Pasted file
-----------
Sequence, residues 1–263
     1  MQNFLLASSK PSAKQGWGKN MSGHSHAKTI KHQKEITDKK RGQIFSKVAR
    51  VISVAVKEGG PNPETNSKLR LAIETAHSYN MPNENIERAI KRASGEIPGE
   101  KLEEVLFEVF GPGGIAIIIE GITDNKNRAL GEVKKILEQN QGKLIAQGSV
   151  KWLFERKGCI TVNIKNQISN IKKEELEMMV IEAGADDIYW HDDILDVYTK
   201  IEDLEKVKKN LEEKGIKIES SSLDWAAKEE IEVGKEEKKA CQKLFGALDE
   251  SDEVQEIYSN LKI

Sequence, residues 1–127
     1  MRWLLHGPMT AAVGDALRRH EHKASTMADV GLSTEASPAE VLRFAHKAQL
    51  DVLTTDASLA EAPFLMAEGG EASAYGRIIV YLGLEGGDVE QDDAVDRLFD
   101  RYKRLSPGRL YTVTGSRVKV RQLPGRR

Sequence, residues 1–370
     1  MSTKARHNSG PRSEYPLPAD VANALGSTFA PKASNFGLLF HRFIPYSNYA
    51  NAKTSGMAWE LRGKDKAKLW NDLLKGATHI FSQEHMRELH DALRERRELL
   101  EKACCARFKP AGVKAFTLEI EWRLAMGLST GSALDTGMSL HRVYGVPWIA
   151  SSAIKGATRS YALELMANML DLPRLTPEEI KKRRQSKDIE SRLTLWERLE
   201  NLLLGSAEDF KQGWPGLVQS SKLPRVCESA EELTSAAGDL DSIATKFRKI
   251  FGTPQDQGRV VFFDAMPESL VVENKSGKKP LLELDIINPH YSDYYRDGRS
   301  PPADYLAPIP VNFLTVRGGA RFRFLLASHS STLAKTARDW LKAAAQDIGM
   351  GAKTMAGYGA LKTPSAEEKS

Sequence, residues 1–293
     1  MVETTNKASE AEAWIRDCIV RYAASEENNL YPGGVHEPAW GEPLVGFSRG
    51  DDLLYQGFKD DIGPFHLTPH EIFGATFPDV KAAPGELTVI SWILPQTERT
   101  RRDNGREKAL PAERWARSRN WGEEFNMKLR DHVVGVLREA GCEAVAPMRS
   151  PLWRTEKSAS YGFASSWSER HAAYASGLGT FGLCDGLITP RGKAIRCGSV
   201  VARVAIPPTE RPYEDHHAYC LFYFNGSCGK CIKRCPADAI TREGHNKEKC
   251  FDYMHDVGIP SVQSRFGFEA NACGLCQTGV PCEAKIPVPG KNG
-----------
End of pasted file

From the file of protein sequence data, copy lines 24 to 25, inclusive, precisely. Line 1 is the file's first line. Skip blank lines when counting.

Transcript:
   101  RRDNGREKAL PAERWARSRN WGEEFNMKLR DHVVGVLREA GCEAVAPMRS
   151  PLWRTEKSAS YGFASSWSER HAAYASGLGT FGLCDGLITP RGKAIRCGSV